Looking at small print or font is exhausting for anyone, and it is even more strenuous on your eye muscles if your vision is impaired (and you aren't using corrective lenses).


If your symptoms are obviously caused by focusing on screens, words, or small objects and then relieved with a few minutes of rest, then you probably have eye strain. You might have a vision deficit, however, and your vision can improve with correction.

If you have other symptoms, such as nausea or severe eye pain, you may need diagnostic tests, which can rule out other problems.

Diagnostic Tests

There are several tests your doctor can use to determine whether you have another condition besides eye strain.

  • Eye exam: An eye exam includes vision testing and involves a detailed examination of the structure of your eyes using non-invasive devices, such as an ophthalmoscope.
  • Brain imaging: If there is a concern that you could have a structural problem of the brain, you may need to have a brain computerized tomography (CT) or magnetic resonance imaging (MRI) test.

Differential Diagnosis

There are several conditions that can produce symptoms similar to those of eye strain, including:

Migraines: If you have eye pain, fatigue, headaches, photophobia, and irritability, you could have migraines. While migraines can be triggered by eye strain, they tend to last longer than the effects of eye strain. And they usually don't improve by resting your eyes.

Tension headaches: These headaches feel like pressure on your forehead and around the back of your head and they can lead to pain behind your eyes. Tension headaches can be accompanied by eye strain. These headaches typically improve with over-the-counter pain relievers like Advil (ibuprofen) and Tylenol (acetaminophen), but eye strain usually does not.

Fatigue: Exhaustion, sleepiness, and feeling worn out can make you want to just close your eyes. Usually, these symptoms are relieved by rest and sleeping, while eye strain is relieved by resting your eyes.

Viral conjunctivitis: Also referred to as pink eye, this common condition is highly contagious. With viral conjunctivitis, the white part of your eyes appear pink, you develop crustiness around your eyes and eyelids, and your eyes feel very itchy and possibly painful.


There is not a medication or procedure that can relieve eye strain. However, there are a number of useful strategies you can use to manage it.

Methods of managing eye strain include:

  • Rest your eyes: When you feel eye strain coming on, or even if it is at its worst, just close your eyes for a few seconds. Or give your eyes a break by looking at something that isn't so small or detailed.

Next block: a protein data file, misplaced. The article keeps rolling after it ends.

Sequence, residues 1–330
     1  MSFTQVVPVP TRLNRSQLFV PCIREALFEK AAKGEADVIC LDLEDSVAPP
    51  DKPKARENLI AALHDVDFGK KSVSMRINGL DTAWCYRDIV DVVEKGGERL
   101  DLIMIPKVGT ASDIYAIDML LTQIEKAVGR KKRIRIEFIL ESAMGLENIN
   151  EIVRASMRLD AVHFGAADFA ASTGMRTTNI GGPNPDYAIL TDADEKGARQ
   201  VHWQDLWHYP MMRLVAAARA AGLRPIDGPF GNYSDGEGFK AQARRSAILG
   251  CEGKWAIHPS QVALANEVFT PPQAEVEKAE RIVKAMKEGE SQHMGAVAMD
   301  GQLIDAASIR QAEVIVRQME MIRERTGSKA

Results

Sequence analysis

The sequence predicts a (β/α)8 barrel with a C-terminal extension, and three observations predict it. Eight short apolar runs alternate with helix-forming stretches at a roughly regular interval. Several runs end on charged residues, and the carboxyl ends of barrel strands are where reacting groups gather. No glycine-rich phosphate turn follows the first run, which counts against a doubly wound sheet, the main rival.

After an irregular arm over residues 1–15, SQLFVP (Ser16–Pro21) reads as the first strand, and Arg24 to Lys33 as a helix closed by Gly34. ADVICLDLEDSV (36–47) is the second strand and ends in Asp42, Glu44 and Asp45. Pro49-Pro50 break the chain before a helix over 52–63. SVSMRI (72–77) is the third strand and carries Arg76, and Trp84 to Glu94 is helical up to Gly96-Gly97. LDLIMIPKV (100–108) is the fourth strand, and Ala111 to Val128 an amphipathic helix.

• Lighting: Use proper lighting when you are reading or working. This can be easy to ignore because you may feel comfortable in the dark—but the effects of eye strain can come on later.
  • Computer and phone screens: Set your screens so that you have enough contrast to comfortably read, but make sure that the light isn't too bright for your eyes.
  • Font size: Adjust the font size on your phone or computer. A font that is too small can be hard to see, while large font fills up too much space on the screen, making it cumbersome to read large documents. And be sure to use a clear font without too many hard to read squiggles whenever you can.
  • Taking breaks: If you have to do tasks that require prolonged reading, or looking at tiny objects, consider looking away every 20 minutes or so. You can close your eyes or look at something far away to give your eye muscles a rest. This shouldn't interfere with your productivity, and it may even help you refocus on the big picture of the project every once in a while.
  • Correction for vision problems: If eye strain is a major problem for you, it could be due to a vision problem. Be sure to make an appointment to have your eyes and vision checked.

A Word From Verywell

Eye strain is fairly common. If you are a student, or if you have a job that leads to eye strain, you will benefit from adopting habits that give your eyes a rest. And your vision can change over the years, so regular eye exams can identify undiagnosed vision problems—correction of vision problems is often the key to relief if you have eye strain.